The US winter wheat crop ended an unbroken six-month spell of
deterioration as rain relieved drought-hit crops in the southern Plains, just as
dryness in the north allowed growers to undertake a huge level of spring
The US Department of Agriculture, in its much-watched weekly
Crop Progress report, raised by 1 point to 30% the proportion of US winter
wheat rated in "good" or "excellent" condition.
That remained the lowest reading since 1996, a reflection of
the impact of drought and late frost in southern areas including Kansas, the
top wheat producing state, where crop condition in fact continued to decline in
the latest week, by 1 point to 11 points rated good or excellent.
However, that bucked the broader upward trend of crop
condition – the first recorded since early November.
The improvement was led by soft red winter wheat, grown
largely in the Midwest, which has remained in better condition than the
southern Plains hard red winter wheat belt, and where, for instance Illinois
crop was rated 65% good or excellent, up three points week on week.
However, winter wheat improved in some parts of the southern
Plains too, notably in Texas, where the proportion rated in the top two bands
rose by 1 point to 11%.
conditions improved in areas of the [state's own] northern high plains that
received recent rainfall," USDA scouts said, flagging rainfall of 2-5 inches in
the week to Sunday.
In Oklahoma, where drought has been particularly severe,
crop at least stabilised at 5% rated good or excellent, and 78% poor or very
poor, after "much-needed rainfall was received".
"Areas of the state that needed it the most were somewhat
relieved," USDA scouts said, noting rains of up to 4.78 inches.
Nonetheless, Oklahoma "wheat fields continued to be
disastered out, baled for hay, or otherwise abandoned due to the severe drought
and freeze damage", the scouts added.
Indeed, the rain is viewed as coming too late to promote a
significant crop recovery.
"One can argue the benefits and timing the rains last week
as early rainfall would have been much more beneficial," said Brian Henry at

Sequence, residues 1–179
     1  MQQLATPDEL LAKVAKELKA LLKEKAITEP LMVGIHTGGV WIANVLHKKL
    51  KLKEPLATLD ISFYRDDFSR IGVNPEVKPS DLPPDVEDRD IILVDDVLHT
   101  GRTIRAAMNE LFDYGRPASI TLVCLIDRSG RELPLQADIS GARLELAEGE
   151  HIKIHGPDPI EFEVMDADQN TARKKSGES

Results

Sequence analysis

Benson Quinn Commodities.
"However, many areas will benefit. The trade knows that it
isn't going to be a good crop, but the recent rains may stabilise some of the
later production and perhaps enhance quality."
US wheat production prospects were also supported by a
catch-up by farmers in the northern Plains on plantings, which were slowed
earlier in the spring by excessive rains and cold.
In Minnesota, growers sowed 47% of their spring wheat in one
week, equivalent to about 560,000 acres, to reach 67% completion, albeit still
21 points behind the pace.
"A season high of five days suitable for fieldwork allowed
Minnesota farmers to make rapid planting progress during the week," USDA scouts
North Dakota farmers planted 34% of their wheat, equivalent
to 2.0m acres – besides sowing half of their corn, equivalent to 1.5m acres, plus
roughly the same area in soybean seedings, and a further 300,000 acres or so in
barley and oats.
Corn area losses?
The pick-up in plantings came, in corn, just as the prevent
plant insurance deadlines hit, on May 25 for northern areas of the state, with
a May 31 deadline for the south of North Dakota.
It helped raise to 88% the total figure for US corn sowings
as of Sunday, in line with the average, and market expectations.
Still, there are expectations that some northern US area
will be lost to corn – either abandoned or switched to other crops, such as
soybeans, which can be later seeded.
Still, losses of 1m acres in Minnesota and North Dakota, as
some have suggested, appeared "too much", Mr Henry said.
He added a loss of output potential in these states "can be
offset by better production in other areas".